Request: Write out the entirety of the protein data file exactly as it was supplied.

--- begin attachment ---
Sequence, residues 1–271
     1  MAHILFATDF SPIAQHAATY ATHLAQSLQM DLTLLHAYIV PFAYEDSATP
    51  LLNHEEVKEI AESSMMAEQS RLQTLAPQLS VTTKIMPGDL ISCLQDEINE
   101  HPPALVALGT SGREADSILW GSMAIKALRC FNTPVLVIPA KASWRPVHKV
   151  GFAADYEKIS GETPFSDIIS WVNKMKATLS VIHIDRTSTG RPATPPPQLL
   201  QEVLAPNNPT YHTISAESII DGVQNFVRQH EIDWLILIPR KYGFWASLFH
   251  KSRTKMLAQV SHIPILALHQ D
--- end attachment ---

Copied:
Sequence, residues 1–271
     1  MAHILFATDF SPIAQHAATY ATHLAQSLQM DLTLLHAYIV PFAYEDSATP
    51  LLNHEEVKEI AESSMMAEQS RLQTLAPQLS VTTKIMPGDL ISCLQDEINE
   101  HPPALVALGT SGREADSILW GSMAIKALRC FNTPVLVIPA KASWRPVHKV
   151  GFAADYEKIS GETPFSDIIS WVNKMKATLS VIHIDRTSTG RPATPPPQLL
   201  QEVLAPNNPT YHTISAESII DGVQNFVRQH EIDWLILIPR KYGFWASLFH
   251  KSRTKMLAQV SHIPILALHQ D